The appearance of a scar on the skin can cause a person to have less confidence in their appearance as well as worry about how to remove the scar or at least revise its overall appearance. Some of the medical options available to surgeons include removing excess scar tissue or reconstructing the skin that surrounds the scar as well as other soft tissues that are located near the scar. Here are some of the most popular surgical methods used by doctors across the country to address the appearance of a scar on the skin.
Scar Revision Techniques
Scar revision surgery is performed to minimize the look of a scar as well as help the scar better blend-in with the skin that surrounds it. Scars can be the result of a surgical procedure and they can also appear after an injury or accident occurs to a person. Once an injury or wound appears on the skin, the soft tissues that surround the wound or injury can change shape or become uneven, sunken or raised in appearance as the wound heals.
If the scar is the result of a surgical incision, the sutures or stitches used to close the incision can alter the look of the scar. Stitches need to be removed before the top layer of the skin heals around them or the entry point of the stitches might become a permanent feature on the body. This is often referred to as a “railroad scar”.
If a scar forms after an injury occurs, it might heal in an uneven manner which can cause the skin on the side of the scar to be higher in appearance as opposed to the skin on the other side of the scar. If this type of scar occurs, it is often referred to as a “trapdoor scar”.
The decision about the extent of the revision surgery, as well as the scar revision technique used, depends on the size and location of the scar as well as the type of scar that is being treated. The surgeon can reposition the scar so it is in an area that is less visible on the body, reduce the size of the scar or smooth the contour of the skin and other soft tissues to correct the look of scars that are dimpled or sunken in appearance.
When it comes to repositioning a scar on the face that was caused by the closing of an incision, the surgeon can remove and reposition the scar so that it heals along a natural fold in the skin. The surgeon can also “break up” the appearance of the scar so it is not as noticeable to others. If the scar is a large scar from burns, the surgeon can realign the scar tissue so that it follows the natural body contours.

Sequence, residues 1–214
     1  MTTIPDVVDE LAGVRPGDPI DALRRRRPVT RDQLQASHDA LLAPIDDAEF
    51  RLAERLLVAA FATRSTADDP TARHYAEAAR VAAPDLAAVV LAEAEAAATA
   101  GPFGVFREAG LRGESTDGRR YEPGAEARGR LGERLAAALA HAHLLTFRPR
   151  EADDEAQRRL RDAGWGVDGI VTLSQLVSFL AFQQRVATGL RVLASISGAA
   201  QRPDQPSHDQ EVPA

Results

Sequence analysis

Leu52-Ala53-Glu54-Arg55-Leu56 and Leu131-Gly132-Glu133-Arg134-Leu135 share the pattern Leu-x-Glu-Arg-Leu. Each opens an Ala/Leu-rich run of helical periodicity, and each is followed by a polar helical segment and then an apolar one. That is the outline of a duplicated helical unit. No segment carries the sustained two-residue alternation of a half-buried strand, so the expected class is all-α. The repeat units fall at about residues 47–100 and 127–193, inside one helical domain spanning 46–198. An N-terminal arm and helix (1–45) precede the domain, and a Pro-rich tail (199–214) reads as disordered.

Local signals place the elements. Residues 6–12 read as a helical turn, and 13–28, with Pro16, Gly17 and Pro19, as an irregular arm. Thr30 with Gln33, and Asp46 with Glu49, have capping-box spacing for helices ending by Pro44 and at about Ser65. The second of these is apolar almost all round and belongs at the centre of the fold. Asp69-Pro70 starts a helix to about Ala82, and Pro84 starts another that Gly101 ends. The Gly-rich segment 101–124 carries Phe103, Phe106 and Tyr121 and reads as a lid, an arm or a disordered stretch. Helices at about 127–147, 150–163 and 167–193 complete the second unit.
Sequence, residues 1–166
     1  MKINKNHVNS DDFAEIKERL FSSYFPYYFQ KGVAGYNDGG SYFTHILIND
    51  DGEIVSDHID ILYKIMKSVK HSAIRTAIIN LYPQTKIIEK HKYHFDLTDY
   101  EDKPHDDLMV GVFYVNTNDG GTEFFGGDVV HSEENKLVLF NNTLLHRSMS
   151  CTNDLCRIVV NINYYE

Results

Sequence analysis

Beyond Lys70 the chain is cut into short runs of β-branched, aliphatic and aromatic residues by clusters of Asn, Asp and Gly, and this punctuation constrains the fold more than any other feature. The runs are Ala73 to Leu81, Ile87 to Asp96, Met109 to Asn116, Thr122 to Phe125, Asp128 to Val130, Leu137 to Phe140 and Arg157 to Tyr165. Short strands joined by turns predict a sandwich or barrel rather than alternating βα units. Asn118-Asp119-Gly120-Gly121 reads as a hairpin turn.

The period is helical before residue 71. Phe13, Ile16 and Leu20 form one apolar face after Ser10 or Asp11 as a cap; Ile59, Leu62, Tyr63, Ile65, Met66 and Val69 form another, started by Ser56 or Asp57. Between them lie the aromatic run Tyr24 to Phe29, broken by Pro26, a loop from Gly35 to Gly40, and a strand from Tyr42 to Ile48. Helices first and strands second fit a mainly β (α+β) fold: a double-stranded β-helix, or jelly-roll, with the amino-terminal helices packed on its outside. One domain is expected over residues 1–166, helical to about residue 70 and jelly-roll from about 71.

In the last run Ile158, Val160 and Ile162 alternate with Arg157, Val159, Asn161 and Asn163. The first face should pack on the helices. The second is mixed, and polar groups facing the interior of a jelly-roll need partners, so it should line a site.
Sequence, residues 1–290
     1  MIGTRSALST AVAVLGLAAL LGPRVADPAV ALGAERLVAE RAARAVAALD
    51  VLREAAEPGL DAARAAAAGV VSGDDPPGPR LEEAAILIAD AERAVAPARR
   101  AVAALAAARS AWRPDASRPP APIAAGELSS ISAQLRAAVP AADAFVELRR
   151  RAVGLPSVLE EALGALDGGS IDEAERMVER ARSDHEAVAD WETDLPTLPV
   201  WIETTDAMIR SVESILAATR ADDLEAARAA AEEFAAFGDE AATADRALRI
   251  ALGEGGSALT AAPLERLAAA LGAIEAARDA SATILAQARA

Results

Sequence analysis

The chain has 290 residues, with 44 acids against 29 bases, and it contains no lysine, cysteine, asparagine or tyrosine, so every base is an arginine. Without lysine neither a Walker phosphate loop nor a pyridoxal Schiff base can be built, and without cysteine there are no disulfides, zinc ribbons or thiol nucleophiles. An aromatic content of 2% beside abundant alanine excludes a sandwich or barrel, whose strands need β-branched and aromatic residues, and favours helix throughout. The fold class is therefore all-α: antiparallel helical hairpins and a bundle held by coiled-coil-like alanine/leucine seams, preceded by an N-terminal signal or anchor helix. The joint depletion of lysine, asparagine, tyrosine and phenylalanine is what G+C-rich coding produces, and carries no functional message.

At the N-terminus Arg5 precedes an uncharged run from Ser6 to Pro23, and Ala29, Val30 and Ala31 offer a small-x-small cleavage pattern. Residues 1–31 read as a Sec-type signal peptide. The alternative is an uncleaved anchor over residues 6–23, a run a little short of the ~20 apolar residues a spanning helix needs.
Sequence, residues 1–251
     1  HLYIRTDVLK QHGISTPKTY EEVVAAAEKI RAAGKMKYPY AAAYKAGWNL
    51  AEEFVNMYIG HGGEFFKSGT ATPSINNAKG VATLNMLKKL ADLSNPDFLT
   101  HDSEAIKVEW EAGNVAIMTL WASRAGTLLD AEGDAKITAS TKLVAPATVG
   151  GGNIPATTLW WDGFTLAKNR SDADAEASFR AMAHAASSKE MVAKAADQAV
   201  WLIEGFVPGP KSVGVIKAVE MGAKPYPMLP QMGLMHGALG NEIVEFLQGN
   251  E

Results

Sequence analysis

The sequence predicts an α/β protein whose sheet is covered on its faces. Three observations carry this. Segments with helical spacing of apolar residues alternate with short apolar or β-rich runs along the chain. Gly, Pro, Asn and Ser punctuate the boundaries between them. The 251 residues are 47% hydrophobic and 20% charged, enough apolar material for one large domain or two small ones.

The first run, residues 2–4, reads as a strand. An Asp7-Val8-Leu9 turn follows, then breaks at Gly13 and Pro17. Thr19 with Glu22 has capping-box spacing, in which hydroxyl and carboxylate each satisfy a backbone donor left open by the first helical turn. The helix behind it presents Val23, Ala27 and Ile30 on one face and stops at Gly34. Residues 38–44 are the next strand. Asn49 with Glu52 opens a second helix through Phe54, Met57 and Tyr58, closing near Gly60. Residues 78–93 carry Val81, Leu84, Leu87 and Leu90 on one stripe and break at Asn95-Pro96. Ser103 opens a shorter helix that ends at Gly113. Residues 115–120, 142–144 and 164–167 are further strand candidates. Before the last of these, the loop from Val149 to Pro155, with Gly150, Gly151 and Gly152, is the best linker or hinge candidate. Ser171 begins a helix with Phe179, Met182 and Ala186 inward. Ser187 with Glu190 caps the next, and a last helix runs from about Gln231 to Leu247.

Patients that do not want to have surgical scar revision can have fat placed in a sunken scar area to fill-in the sunken portion of the scar. The fat is typically removed from the body of the patient so there is little chance of an infection occurring after the fat is placed in the targeted area.
Scar Removal Techniques
There are times when the surgeon feels that the best option for treating a keloid or large hypertrophic scar is to remove it. There are times when keloids go beyond the margin found in the original wound. In these cases, keloids will require removal so the surgeon will be able to reconstruct the surrounding tissue and skin and also restore some of the underlying structure of the damaged area. A large hypertrophic scar can also be removed which gives the surgeon the ability to create a new scar that is thinner and much less noticeable in appearance.
Scars from a burn frequently cover a large area of the skin. The surgeon can use a technique known as skin expansion to replace the scar from the burn with normal skin. During the skin expansion process, the surgeon will implant a small balloon beneath the healthy skin of the patient (located next to the scar). In the weeks before the surgery, the balloon is filled slowly with saline water when the patient visits the office of the doctor. The purpose of filling the balloon with saline water is to expand the healthy portion of the skin. During the scar removal surgery, the surgeon will be able to use the expanded skin to replace the skin that has been burned. The new skin will then heal naturally on the body of the patient.
Scar Surgery – What to Expect after the Procedure
Once the surgery is over, the surgeon will place a bandage over the wound and the stitches (if applicable). There will be a follow-up appointment about a week after the procedure so the doctor can evaluate the healing process and remove any necessary stitches.
Over the next few months, the skin will heal and the new scar (that is smaller in appearance) will start to flatten and fade so it matches the surrounding skin. It can take up to a year for the healing process to finish.
If it looks like a keloid or a hypertrophic scar is starting to form after the surgery, the doctor can administer a corticosteroid injection to lessen its appearance. It might take several injections into the new scar tissue to prevent any recurrence of the keloid or hypertrophic scar.
Patients that have any questions about scar revision surgery or scar removal surgery should schedule a consultation appointment with a board-certified, experienced surgeon to examine the scar tissue and determine the best option to address the appearance of the scar. Whether it be for a mole, a hair transplant scar, or another type of surgery, consult with an experienced surgeon in person for the most accurate assessment.